Sruthi Kannan, a 3rd year student of Sree Narayana Guru College of Legal Studies, Kerala highlights the principle of Inter-generational Equity with respect to relationship between mankind and environment.


Mahatma Gandhi once said, “Earth provides enough to satisfy every man’s need, but not every man’s greed.” This quote in itself says a lot about the principle of Intergenerational Equity and provides essence for its soul. The issue of Sustainable Development has been revolving in everyone’s mind since decades. The concept was first brought up by the Brundtland Report.[1] Intergenerational Equity is the very soul of sustainable development. Edith Brown Weiss in her article quoted that the principle of intergenerational equity states that every generation holds the Earth in common with members of the present generation and with other generations, past and future.[2] The principle highlights the need for fairness among generations and the usage of resources as they are limited and are needed by every generation. This principle has its roots laid in the Stockholm Declaration 1972[3] which laid down various principles for the preservation and enhancement of the Human Environment. The principle of intergenerational equity basically highlights that the resources we use today make us in debt to our future generations for the conservation of resources so that they can utilize them as well. In the same way that our ancestors took care of our Mother Earth and its non-renewable resources, we also need to protect the Earth in the same way for our future generations and give them the natural beauty that Earth beholds. The very starting words of the UN Charter[4] aim at saving the future generations from the scourge of war. And in today’s world the real war is between mankind and the environment.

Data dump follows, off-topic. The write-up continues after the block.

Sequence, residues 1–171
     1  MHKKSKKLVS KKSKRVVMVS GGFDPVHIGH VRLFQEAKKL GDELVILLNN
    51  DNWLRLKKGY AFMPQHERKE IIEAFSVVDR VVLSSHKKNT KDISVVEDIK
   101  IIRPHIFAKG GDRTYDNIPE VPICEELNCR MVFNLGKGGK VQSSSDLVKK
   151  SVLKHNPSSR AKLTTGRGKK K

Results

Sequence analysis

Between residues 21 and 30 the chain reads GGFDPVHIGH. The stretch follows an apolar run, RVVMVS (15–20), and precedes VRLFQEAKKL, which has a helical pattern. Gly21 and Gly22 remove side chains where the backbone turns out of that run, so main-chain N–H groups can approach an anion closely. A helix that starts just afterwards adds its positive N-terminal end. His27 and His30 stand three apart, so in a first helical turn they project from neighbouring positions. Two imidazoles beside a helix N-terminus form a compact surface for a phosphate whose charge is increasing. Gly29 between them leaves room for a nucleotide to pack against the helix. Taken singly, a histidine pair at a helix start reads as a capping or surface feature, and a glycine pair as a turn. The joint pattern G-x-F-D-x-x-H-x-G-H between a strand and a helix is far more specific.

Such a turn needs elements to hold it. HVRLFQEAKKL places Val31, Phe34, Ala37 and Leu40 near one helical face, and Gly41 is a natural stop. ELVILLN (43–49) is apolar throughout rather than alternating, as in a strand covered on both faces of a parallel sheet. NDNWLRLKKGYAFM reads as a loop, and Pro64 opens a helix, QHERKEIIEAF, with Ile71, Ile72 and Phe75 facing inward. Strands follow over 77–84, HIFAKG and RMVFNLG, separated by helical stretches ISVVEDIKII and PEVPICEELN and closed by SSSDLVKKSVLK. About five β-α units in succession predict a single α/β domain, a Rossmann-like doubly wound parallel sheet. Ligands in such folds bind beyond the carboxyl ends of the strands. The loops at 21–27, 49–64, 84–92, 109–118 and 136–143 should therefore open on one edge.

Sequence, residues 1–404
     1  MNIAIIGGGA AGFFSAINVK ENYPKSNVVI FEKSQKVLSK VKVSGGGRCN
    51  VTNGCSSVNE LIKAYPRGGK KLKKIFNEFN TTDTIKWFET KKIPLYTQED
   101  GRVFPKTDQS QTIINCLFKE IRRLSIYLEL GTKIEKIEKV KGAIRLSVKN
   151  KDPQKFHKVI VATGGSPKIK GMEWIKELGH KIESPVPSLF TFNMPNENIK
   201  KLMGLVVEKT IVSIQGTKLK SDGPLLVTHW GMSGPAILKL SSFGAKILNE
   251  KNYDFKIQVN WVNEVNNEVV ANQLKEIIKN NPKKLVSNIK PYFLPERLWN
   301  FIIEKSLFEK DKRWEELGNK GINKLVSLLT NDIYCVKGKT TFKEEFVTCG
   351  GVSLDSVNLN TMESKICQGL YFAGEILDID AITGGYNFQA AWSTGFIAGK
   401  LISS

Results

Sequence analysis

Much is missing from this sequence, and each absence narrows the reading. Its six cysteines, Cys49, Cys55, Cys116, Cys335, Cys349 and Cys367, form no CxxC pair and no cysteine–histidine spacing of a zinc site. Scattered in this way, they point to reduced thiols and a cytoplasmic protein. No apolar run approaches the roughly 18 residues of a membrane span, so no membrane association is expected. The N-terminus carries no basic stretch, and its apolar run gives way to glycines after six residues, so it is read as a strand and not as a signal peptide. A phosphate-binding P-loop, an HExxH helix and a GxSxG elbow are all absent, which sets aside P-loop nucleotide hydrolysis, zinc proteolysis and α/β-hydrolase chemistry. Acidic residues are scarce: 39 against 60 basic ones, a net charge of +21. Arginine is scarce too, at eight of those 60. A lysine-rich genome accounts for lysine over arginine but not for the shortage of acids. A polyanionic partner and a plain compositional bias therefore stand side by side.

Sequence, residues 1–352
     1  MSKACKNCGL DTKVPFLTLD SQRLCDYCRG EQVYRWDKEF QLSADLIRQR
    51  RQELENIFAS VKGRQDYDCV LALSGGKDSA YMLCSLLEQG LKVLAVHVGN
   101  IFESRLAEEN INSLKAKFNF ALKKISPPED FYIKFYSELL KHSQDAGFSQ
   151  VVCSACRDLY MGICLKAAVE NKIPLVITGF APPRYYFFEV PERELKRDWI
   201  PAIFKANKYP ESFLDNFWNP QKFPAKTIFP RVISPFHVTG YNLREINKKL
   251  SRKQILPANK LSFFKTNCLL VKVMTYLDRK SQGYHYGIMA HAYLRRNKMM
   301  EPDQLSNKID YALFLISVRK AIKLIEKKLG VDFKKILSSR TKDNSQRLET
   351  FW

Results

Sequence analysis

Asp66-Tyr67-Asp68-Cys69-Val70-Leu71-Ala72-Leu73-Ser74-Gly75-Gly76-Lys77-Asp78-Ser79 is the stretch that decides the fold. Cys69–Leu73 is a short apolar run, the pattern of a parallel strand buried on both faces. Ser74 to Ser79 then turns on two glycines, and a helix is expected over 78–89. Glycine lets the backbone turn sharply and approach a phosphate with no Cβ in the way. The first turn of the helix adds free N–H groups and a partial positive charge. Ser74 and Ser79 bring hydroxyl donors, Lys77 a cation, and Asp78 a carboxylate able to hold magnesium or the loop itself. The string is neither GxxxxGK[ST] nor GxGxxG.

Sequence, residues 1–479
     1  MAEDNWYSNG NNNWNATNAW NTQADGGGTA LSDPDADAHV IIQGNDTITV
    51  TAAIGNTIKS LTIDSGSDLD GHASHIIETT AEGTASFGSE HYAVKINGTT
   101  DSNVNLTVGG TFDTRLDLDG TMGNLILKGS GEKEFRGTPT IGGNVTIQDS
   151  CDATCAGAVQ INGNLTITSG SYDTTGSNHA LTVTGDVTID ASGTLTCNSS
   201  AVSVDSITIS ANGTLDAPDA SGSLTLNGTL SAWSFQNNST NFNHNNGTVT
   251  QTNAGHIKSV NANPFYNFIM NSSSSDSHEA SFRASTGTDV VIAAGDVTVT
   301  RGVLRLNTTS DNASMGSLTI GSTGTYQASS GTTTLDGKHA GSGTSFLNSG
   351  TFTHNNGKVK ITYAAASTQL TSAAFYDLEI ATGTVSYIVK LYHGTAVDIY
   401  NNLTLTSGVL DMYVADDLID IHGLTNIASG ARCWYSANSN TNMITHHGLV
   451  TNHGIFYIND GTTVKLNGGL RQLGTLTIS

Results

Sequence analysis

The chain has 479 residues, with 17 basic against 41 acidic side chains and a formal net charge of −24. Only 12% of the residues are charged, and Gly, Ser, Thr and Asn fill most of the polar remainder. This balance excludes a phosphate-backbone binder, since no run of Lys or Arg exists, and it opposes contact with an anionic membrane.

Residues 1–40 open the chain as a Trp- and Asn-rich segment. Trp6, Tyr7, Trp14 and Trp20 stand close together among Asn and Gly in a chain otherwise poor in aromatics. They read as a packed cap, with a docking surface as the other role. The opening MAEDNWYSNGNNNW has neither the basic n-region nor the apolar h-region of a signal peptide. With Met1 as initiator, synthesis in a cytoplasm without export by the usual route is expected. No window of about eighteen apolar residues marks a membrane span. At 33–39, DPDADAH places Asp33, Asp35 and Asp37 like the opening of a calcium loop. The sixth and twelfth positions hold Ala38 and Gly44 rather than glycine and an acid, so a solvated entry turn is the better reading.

Presently, the world has been hit by a pandemic which is making it difficult to go by the route of Sustainable development. The IISD released an article[5] stating the three ways the coronavirus is shaping sustainable development. They outlined following three themes:

  • Resilience is Essential.
  • Stimulus must be sustainable.
  • Inequality is magnified.